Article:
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Infrequent church-goers join in the annual Easter parade


It’s Sunday morning and you normally sleep in, but this morning is special. Like a bear coming out of early hibernation, you rise uncharacteristically because you want to attend Easter services at your local church. In fact, many others all over the nation have the same idea. There’s something about the Easter holiday–or what many call Resurrection Day–that draws out the non-church-goer. It’s the day that commemorates the resurrection of Jesus Christ, the head of the Christian church.

It seems to be true of both Catholics and Protestants that Easter and, to some extent, Christmas tend to pull more people into church. The question is why they bother?

Edward A. Smith, pastor and founder of ZOE Christian Fellowship in Whittier, Calif., believes “Most people respond because it is considered a popular holiday. Whether they are Christian are not, it is considered a special time in our popular culture. People view it as a family tradition. So it’s good that they come. Because even if they come because of the broader cultural tradition, they get exposed to the real reason why we celebrate the holiday. Many times people come and receive Christ as their savior when they understand the true meaning behind it.”

Of course, the negative side, he said, is that they limit it to the popular culture and “don’t understand why we have the holiday.” At ZOE, like at many other churches, Smith said, “It’s our biggest service. We take advantage of it.” ZOE’s Resurrection Day service is “really designed to reach the un-churched and reflects its largest harvest of souls.

“On Sunday morning nothing compares to Easter service,” he said. “We prepare for it. We think strategically about how to prepare for it. We go to great lengths to do that. We recruit more ushers, we hire a person to clean the restrooms every 30 minutes, we use more greeters to greet people as they arrive, and we put ads in the newspaper to invite people out to our Easter play.

“We do email blasts, mass mailings and tell the congregation to invite people,” he said. “We go out into the malls and the community to invite people. We have special presentations: a large mass choir, a big drama presentation.” Smith said the church uses members as actors in the drama presentations, and they are encouraged to invite family and friends out to see the production. Those involved include small kids, high schools students and adults.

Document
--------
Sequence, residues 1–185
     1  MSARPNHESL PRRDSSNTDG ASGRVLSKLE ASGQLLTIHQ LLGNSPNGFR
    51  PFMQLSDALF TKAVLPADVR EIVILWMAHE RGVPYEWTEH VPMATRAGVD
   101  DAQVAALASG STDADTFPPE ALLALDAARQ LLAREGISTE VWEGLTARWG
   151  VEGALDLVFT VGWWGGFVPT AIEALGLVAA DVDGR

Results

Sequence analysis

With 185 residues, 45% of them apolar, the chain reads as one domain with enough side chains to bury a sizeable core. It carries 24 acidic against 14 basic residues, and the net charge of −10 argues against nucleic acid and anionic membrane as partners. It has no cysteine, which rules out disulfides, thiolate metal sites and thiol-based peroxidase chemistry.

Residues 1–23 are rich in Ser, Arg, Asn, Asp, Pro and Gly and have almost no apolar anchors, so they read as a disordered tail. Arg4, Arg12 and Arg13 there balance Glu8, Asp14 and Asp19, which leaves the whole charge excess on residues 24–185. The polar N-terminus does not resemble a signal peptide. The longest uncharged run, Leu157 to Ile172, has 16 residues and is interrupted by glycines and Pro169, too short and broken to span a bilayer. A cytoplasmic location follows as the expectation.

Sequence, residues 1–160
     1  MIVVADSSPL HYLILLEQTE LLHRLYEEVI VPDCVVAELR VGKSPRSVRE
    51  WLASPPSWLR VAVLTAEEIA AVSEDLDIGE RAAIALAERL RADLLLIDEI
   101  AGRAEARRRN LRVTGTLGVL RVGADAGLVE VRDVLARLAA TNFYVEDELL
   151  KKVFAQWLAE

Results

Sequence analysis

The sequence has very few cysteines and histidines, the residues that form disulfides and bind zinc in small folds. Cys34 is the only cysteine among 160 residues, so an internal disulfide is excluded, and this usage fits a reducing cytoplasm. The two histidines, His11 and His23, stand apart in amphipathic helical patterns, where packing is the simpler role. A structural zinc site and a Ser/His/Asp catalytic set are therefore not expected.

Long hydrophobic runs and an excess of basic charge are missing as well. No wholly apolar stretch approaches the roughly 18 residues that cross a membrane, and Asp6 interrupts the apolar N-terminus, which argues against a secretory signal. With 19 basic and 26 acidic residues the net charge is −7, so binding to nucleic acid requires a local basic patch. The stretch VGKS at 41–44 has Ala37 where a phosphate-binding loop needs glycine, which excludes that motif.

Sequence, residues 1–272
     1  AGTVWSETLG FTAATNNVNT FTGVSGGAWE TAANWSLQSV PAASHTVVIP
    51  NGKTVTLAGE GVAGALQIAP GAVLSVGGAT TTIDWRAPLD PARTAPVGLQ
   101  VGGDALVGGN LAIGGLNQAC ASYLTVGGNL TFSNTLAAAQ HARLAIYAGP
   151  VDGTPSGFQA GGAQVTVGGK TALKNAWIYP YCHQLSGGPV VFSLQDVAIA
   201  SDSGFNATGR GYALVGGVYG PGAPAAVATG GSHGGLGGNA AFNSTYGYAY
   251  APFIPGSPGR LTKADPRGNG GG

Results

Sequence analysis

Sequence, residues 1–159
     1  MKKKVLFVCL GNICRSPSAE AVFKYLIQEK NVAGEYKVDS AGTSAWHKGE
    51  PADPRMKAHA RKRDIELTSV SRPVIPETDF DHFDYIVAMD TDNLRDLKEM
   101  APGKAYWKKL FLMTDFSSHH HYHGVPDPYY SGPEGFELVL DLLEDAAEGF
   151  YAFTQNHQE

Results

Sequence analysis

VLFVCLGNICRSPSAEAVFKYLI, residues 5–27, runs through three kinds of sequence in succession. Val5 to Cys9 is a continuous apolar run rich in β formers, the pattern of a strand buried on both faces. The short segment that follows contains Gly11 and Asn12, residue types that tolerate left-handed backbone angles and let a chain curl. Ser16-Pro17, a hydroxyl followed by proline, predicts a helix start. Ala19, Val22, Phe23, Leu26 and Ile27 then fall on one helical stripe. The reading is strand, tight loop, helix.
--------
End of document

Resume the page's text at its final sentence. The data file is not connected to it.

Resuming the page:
“As a church we do what we call a comeback program, because we want them to have a reason to return. We tell them about events that are coming up. That’s a unique marketing opportunity for us. It’s a major opportunity.”

Church has always been a very important institution in the Black community, although there is evidence that many churches are losing members.

“Researchers know a lot about the types of people who are most likely to attend worship services in the United States today,” according to a Gallup New Service report called “Just Why Do Americans Attend Church,” written by Frank Newport. “There is a strong relationship between age and church attendance, with older Americans much more likely to attend than younger Americans. There is a strong gender effect, with women of all ages more likely than men to attend. There are region-specific effects, with residents of Southern states and of Utah much more likely to attend than New England or West Coast residents.

“There is a race effect, with Black Americans much more likely to attend church services on average than White Americans. And there is an effect within specific religious denominations, with members of evangelical non-Catholic Christian denominations and Mormons more likely to attend than those who identify with traditional mainline Protestant denominations,” the report said.

Still, given these various effects, it is clear that many Blacks don’t attend services until Easter, and churches generally prepare for a greater outpouring of guests or absentee members on that day.
Gail P. Riley, executive minister at Crenshaw Christian Center, gives a slightly different slant on why attendance rises on Easter.

She believes many attend Resurrection Day services “because they understand the significance of the resurrection of Jesus Christ in terms of salvation, but they are not enlightened on the idea of the total transformation that His resurrection has in regards to their everyday living. According to the Word of God, however, the reason they should attend church regularly is out of obedience to God.

“Hebrews 10:25 cautions Christians to not forsake ‘the assembling of ourselves together, as is the manner of some, but exhorting one another, and so much the more as you see the Day approaching,’” she said.